As I sit here, with my obese cat by my side and a dry martini in hand at 4pm, I reflect on the bygone year(s) – deplete of Homoflix posts, but full of regional theater, drag debuts and global crises. Where have we been? What have we been watching? What’s the T? It’s time we caught up.
What happens when film imitates fashion, post-production imitates Instagram, and Julianne Moore imitates a 60s divorcee shut-in with amazing winged eye liner? Why A Single Man happens, of course. The 2009 film debut from fashion designer cum director Tom Ford stars Colin Firth in an emotionally restrained portrayal of an aging gay professor who’s recently lost his longtime companion. Based on the novel by Christopher Isherwood, the filmic adaptation (penned by Ford and David Scearce) is morose, terse and depressing: all things a good Fall/Winter 2015 Lookbook should be.
I honestly had trouble watching this film and forgetting about Ford’s elegant hand in all of it. Famed for re-inventing Gucci’s style as creative director, bringing “glamour” back to fashion in the late 90s, and starting his own line of luxury menswear in 2006, Ford is one of the most successful openly gay power people in the fashion industry. In this film, every amazingly tailored vintage suit, flawless makeup look and perfectly teased beehive beget the impeccable aesthetic refinement of Mr. Ford as a visual designer, but although fashion can be considered a highly dramatic genre, it seems like the dramatic arcs of the film, it’s characters’ intentions, and its crafting of dialogue are a bit rudimentary.
Yes, Colin Firth’s performance is serving stiff upper lip realness with an old tragic homo-of-the-early-20th-century heart, but the story is just a little too mopey and stringy to overshadow the extensively thought-out visual image of the film. This tendency towards abstract high fashion formalism versus Aristotelian plot development is exemplified by a few key shots in the film:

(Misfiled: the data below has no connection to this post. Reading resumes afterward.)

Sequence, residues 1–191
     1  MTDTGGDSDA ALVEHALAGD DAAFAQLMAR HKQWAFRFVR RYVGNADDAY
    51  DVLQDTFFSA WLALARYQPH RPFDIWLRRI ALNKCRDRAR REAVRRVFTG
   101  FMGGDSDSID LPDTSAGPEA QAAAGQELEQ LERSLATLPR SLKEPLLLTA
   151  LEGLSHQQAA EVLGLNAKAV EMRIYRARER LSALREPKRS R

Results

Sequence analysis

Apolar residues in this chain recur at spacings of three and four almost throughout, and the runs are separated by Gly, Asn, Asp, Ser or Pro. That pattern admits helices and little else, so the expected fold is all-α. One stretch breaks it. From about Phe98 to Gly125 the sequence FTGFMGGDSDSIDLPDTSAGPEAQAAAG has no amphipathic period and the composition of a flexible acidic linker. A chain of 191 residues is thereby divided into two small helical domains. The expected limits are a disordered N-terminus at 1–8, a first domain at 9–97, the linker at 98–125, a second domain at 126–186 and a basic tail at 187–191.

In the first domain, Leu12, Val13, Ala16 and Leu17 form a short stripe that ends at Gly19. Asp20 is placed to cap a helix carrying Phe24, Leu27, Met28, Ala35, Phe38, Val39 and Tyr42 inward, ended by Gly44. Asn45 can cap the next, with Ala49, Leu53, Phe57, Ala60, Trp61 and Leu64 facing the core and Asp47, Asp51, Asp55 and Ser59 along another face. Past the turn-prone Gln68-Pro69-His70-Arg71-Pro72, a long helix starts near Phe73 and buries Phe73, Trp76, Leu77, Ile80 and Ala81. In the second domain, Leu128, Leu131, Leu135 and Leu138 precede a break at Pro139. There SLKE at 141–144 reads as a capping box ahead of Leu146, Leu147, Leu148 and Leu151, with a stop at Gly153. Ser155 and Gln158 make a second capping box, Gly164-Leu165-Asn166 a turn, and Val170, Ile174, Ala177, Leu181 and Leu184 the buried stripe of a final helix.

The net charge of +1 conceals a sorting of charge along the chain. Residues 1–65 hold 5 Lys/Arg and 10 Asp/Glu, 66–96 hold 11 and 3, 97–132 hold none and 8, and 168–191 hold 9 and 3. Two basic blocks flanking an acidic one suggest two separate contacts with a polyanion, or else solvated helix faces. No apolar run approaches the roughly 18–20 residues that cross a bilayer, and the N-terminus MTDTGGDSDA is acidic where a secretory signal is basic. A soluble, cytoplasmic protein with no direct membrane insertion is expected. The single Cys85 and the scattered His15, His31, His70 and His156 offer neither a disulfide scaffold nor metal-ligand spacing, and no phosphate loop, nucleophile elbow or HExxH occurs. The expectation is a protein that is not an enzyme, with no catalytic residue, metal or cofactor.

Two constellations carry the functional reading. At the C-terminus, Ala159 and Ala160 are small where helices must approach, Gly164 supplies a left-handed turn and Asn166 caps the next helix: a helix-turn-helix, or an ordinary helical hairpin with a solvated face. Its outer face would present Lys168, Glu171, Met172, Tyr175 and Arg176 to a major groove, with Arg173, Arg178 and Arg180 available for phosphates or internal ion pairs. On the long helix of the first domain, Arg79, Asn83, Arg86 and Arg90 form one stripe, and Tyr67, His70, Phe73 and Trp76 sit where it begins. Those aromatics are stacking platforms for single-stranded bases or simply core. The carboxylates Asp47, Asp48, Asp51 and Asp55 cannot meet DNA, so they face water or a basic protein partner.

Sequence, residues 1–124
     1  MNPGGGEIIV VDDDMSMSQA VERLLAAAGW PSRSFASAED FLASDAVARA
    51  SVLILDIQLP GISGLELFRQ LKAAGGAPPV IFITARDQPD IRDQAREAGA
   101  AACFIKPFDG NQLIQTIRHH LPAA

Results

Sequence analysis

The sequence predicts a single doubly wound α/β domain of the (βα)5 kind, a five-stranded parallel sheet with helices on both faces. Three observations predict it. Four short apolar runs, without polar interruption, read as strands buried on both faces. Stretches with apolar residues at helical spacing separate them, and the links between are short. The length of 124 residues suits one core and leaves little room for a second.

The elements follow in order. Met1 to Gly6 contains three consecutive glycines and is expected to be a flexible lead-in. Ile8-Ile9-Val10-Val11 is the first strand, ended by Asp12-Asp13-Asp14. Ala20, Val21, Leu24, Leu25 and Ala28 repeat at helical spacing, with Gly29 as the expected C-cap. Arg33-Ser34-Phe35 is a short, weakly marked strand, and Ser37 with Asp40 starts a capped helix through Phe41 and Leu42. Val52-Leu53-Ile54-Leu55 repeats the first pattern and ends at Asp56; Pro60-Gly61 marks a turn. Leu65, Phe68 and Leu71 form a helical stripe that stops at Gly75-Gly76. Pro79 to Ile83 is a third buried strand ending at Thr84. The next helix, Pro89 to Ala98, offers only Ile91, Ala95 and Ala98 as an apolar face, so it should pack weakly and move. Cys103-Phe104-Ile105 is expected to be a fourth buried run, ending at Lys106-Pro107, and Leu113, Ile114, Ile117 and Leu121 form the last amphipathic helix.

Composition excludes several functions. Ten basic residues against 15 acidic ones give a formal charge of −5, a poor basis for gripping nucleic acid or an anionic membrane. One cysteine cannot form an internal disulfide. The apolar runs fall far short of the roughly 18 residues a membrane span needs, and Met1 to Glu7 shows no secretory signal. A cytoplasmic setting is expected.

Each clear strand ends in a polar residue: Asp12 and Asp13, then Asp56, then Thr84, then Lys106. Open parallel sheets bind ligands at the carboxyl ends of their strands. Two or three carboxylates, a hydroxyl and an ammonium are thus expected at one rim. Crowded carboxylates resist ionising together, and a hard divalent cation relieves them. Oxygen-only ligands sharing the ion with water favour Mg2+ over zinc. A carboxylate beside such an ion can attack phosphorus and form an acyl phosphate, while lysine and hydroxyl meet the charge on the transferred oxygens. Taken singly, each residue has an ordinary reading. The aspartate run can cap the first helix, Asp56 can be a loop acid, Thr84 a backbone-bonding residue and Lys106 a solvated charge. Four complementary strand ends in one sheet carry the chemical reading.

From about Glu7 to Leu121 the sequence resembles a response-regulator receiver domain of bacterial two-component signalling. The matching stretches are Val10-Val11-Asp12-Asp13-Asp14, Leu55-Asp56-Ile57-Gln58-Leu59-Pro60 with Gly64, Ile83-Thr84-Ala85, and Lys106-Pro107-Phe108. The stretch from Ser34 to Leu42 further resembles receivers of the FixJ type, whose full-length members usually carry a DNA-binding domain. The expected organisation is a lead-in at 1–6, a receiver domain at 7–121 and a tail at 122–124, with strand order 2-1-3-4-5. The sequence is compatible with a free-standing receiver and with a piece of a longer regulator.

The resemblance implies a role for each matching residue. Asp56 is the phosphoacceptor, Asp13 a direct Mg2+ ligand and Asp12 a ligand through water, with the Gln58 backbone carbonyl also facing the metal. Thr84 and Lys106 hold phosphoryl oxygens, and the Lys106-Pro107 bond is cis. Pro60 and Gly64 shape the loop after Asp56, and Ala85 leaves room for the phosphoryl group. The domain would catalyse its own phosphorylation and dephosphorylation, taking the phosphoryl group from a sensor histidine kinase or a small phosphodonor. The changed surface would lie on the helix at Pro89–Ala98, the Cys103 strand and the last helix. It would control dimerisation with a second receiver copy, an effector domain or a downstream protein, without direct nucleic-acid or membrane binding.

1. A few extra seconds of Julianne Moore cutting a crease in a makeup mirror with an eye pencil after ending a phone conversation with her best friend George (Firth).
2. An overly porny and completely arbitrary objectifying of a little girl as the camera pans up from a reflective floor under her poof skirt to an angelically made-up face. Ugh. Even fags are responsible for the early sexualization of women. Can we get over this shit please?
3. The arguable climactic shot of the film in which George sees a magical owl take off from a nearby tree branch (complete with obvious mystical chime sound), only to reply with a knowing smirk. It’s a Rodarte video meets Twin Peaks, but just for a second.
And there in lies the ultimate flaw of A Single Man. Ford didn’t seem to have the freedom or interest in making a filmic poem that truly exploits the assets and asthetic brilliance of the haute couture avante garde. Instead we get a semi-Hollywood straight-washed film that’s boldest artistic choice is to have Julianne Moore unabashedly play Brit and watusi in a meticulously designed mod living room. But maybe the fault is in Isherwood’s story. Perhaps being a post-double-aught homo looking back on a supposedly “timeless” love story, set in the mid-century, reeking of self-repression and regret just bums me out.
Or maybe I’m just over sepia. Or codes.
Serving as a light motif in the film, characters faces appear in sepia tone (or “Amaro” for those Instagram-natives out there), then transition into saturated bright hues when our protagonist looks upon them in a… what? Fuller? Lustier? More human way? The gimmick seems to clearly be a choice, but ultimately seems to represent something more important and thought out that it actually is. It’s almost as if Ford attended a Sundance Director’s Lab, learned about various formal filmic elements, picked ONE and ran with it.
But enough bashing. All of the performances in the film are pretty believable–from Firth’s restrained turmoil to Moore’s aggressive heterosexuality (where’s Todd Hayne’s when we need him?)–and the cinematography is remarkable. I can’t help but be reminded of Colin Firth’s other slightly unsatisfying gay turn in Another Country, opposite Cary Elwes. Both films show us shades of repression and self-created boundaries in eras that we don’t inhabit. But in A Single Man, I wish the door was left a bit more ajar for us to step into the cathartic space of such a formally complete endeavor.